SAN DIEGO — A Minnesota company announced plans Thursday to make a friendly $12-per-share tender offer for Carlsbad-based Linear Corp. with the cooperation of Linear's chairman and president, its top two shareholders. Some outside shareholders, however, immediately criticized the possible tender offer as inadequate.
Interactive Technologies Inc. of North St. Paul, a manufacturer of home security devices, obtained a 30-day option to buy a combined total of 1,045,947 Linear shares, or 34% of the total outstanding, from Linear Chairman William Schanbacher and President Ted Farrell at $12 per share, or $12.5 million. The two men will be paid up to an additional $2 per share if Linear achieves certain sales and profit targets during fiscal 1988.
ITI Chairman Thomas Auth said his company, which is about one-third the size of Linear in sales, will make the same cash tender offer to the rest of Linear shareholders if ITI exercises its option.
Price Called Inadequate
Blaine Roberts, a La Jolla investment adviser who said he represents owners of 8.6% of Linear stock, said the price is inadequate based on Linear's anticipated earnings growth for fiscal 1987 and its bright prospects for fiscal 1988. A competing tender offer may well be presented to shareholders over the next few weeks, Roberts said.
Farrell, who founded Linear in 1961 and moved the company here from the Los Angeles area in 1984, said he is selling his stock to pursue other business interests. He will stay with Linear only through the transition period of its merger with ITI.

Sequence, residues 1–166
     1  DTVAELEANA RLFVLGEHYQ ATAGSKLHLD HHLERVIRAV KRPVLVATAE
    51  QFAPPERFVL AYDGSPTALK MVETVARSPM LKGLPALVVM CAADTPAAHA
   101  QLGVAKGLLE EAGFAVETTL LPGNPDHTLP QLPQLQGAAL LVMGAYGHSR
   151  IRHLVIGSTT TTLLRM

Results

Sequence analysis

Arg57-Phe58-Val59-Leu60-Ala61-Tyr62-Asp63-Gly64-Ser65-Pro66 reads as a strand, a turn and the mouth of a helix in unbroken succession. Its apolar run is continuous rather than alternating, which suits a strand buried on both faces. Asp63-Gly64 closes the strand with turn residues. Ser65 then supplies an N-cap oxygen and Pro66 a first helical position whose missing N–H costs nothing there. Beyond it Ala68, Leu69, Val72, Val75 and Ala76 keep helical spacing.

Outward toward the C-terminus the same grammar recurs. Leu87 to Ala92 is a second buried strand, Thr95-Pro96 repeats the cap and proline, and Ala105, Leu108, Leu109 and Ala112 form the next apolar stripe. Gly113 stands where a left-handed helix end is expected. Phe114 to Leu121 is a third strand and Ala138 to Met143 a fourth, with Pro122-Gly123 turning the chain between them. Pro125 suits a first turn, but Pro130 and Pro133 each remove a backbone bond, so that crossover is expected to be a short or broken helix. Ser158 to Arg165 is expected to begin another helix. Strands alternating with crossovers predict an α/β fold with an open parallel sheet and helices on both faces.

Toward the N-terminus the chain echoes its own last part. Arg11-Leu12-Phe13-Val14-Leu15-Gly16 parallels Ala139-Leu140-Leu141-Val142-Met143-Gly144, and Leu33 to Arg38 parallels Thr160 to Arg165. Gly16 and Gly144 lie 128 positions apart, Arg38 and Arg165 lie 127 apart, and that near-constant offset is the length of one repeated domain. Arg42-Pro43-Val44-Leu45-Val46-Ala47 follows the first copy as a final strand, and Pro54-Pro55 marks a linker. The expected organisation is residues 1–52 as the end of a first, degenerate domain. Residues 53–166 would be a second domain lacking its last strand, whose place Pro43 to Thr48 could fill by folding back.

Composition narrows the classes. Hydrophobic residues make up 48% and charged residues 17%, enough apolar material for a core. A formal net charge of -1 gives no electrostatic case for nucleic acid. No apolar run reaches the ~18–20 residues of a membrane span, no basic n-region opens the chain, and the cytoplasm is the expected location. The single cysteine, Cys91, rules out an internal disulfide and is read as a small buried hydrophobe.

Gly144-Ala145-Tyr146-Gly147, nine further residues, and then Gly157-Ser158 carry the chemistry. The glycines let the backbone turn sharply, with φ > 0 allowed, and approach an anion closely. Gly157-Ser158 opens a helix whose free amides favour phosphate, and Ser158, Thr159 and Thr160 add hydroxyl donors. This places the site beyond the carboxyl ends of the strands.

Linear stock closed up $1 at $11.875 per share in over-the-counter trading Thursday.
Linear manufactures wireless home security devices and garage door openers in plants in Carlsbad and Hong Kong. Revenues have grown sharply this fiscal year, due mainly to a marketing arrangement for its home security devices signed last year with Schlage Lock Co., a unit of Ingersoll Rand Co. Linear has 875 employees.
For the nine months ended Feb. 28, Linear Corp. reported net income of $2.3 million, or 77 cents per share, on sales of $41.9 million, contrasted with a net loss of $183,000, or six cents per share, on revenues of $30.3 million reported over the same period last year.
Roberts said he expects Linear to post a profit of about $1.08 per share on sales of $58 million for the full year ending May 31. Profits could go as high as $1.45 per share in 1988, he said, making ITI's possible $12 tender offer inadequate on a price-earnings basis.
Another San Diego-based securities analyst who asked not to be identified disagreed, saying the price is fair in light of Linear's dependence on its relationship with Schlage.
Art Hall, president of A.E. Hall & Co., an investment firm based in Minden, Nev., and the owner of 10,000 Linear shares, criticized ITI's possible tender offer, saying shareholders would do better if the stock "were held up at an open auction and not (sold) through a sweetheart deal."
"I'm selling $6 million worth of stock in this, and I wouldn't be doing it if I didn't think it was fair," said Farrell, who owns about half the shares being sold to ITI. Farrell, 59, said there would be no layoffs at Linear as a result of the merger.
Linear stock had mostly languished after the company went public in 1983 at $15 per share, Roberts said, falling below $5 per share early last year. The Schlage marketing arrangement, which has resulted in Linear home alarms being sold in Target, Home Club and other chains, has helped push the stock price up, he said.